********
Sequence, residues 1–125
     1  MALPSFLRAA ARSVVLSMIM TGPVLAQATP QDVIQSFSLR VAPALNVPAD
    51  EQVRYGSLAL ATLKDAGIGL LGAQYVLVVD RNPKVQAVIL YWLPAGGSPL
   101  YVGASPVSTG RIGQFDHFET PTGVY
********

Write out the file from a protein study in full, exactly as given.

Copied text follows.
Sequence, residues 1–125
     1  MALPSFLRAA ARSVVLSMIM TGPVLAQATP QDVIQSFSLR VAPALNVPAD
    51  EQVRYGSLAL ATLKDAGIGL LGAQYVLVVD RNPKVQAVIL YWLPAGGSPL
   101  YVGASPVSTG RIGQFDHFET PTGVY